“A square peg will never fit inside of a round hole. In a world filled with round holes, we desperately need those square pegs to demonstrate a different type of leadership—a  leadership that so many others are craving to follow because it feels true to who they are and what they want out of life.”

After I spoke, her entire disposition changed. It was almost as if she felt for the first time she could be herself and that she was enough exactly as she is. I often think that we have set ourselves up as a society to need someone else’s permission to access our own power, even though it has always been there, anxiously waiting for us to share it with the world.

Consultant, author, and lecturer Jim Collins conducted a landmark study to examine how various organizations progress from good to great. He determined that one of the key drivers of that success was a leader who was not necessarily charismatic or outgoing, but one who possessed a paradoxical mixture of personal humility and professional will. According to Collins, these types of leaders are “timid and ferocious, shy and fearless. They are rare and unstoppable.”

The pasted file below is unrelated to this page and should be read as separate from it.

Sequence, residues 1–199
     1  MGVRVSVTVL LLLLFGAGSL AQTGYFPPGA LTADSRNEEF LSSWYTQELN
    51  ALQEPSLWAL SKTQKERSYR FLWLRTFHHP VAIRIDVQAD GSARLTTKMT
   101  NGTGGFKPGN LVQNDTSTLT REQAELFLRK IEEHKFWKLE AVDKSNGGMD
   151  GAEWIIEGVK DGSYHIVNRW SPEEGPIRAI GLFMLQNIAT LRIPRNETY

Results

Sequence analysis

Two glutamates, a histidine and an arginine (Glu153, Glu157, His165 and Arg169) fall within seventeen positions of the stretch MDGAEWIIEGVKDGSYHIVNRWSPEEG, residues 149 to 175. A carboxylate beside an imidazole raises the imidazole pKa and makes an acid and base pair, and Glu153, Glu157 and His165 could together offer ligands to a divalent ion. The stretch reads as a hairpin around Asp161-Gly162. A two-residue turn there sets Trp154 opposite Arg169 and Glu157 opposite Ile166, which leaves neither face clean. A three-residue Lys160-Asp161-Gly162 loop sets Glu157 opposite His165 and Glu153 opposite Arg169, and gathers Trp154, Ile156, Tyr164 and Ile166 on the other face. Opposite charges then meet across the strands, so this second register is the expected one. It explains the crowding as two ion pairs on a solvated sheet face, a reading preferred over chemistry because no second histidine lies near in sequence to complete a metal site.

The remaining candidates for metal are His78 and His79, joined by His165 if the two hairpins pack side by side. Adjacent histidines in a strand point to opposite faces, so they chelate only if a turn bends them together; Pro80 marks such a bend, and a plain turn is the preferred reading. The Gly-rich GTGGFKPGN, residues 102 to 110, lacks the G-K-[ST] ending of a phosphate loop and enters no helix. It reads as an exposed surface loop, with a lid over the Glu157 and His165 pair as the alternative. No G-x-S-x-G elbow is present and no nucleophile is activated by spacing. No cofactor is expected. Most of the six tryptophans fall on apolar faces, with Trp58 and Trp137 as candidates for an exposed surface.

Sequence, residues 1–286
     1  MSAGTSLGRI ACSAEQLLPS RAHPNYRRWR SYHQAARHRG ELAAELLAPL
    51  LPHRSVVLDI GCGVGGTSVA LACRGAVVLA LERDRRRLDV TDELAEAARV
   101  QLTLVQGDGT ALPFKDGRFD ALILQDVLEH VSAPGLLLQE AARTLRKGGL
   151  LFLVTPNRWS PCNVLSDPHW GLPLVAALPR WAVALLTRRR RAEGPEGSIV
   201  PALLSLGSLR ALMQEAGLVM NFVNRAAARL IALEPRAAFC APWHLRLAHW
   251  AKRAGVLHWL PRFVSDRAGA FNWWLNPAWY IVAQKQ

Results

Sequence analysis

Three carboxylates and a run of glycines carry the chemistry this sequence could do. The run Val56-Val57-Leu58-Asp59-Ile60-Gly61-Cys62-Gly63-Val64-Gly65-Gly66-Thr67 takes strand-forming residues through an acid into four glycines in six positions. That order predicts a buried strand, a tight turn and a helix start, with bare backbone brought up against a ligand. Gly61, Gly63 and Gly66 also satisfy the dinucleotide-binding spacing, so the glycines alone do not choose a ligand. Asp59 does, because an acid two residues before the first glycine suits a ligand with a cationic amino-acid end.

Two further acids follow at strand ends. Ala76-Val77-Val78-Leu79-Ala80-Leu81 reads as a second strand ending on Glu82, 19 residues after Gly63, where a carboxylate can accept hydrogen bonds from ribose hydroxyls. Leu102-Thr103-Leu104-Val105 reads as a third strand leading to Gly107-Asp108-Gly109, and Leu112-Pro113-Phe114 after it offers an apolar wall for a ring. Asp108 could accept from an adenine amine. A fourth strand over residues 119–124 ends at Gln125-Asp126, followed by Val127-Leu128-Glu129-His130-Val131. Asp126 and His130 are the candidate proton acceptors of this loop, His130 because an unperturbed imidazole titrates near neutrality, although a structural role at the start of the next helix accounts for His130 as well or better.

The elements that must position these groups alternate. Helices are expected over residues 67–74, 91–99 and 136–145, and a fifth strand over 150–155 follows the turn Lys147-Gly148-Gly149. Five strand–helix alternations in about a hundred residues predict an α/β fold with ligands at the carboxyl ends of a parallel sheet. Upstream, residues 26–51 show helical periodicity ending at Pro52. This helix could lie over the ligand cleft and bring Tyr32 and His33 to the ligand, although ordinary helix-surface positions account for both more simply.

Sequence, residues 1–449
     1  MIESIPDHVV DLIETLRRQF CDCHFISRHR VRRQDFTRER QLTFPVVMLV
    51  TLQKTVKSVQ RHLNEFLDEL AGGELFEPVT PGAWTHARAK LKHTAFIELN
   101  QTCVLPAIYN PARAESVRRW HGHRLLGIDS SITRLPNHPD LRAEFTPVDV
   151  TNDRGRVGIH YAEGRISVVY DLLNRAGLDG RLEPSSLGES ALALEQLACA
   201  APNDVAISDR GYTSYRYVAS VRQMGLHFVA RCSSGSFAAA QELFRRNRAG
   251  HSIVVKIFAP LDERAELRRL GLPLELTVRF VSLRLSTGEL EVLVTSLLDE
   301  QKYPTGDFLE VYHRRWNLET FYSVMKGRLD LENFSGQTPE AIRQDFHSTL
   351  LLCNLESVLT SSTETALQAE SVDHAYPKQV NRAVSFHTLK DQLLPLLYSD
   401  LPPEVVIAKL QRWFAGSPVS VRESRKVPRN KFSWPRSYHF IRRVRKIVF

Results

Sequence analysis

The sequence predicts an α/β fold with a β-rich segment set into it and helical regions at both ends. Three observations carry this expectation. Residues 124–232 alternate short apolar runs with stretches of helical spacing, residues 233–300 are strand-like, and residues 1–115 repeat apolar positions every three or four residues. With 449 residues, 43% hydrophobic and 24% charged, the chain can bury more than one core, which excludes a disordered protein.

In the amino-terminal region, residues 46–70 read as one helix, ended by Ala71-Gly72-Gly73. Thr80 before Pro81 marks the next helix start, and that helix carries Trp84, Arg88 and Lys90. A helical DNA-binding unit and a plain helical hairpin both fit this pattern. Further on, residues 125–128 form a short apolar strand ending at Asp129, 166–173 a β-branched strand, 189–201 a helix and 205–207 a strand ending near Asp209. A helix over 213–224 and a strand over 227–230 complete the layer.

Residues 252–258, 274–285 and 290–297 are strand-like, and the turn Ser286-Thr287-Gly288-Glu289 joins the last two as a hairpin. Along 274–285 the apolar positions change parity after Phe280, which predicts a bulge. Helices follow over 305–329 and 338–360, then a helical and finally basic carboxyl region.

Reflecting back on the ever-present opportunity we have in our modern society to sleep on a stranger’s couch or rent out a room in someone’s home while travelling, I smile. Knowingly I relax in the fact that there is no right or wrong way to be in this world and to lead in this world. Nothing is inherently good or bad. An introvert can thrive at a summer camp for adults and an extrovert can feel fulfilled reading a book in the quiet comfort of his own home. As Cain says, “The secret to life is to put yourself in the right lighting.” That lighting may be in a large loud crowd or it may be in complete silence.

As long as you stay true to your own unique needs, whatever they may be, your leadership is bound to shine. And when you are ready, we are all here waiting with open anticipation for what gifts you have to share with the world.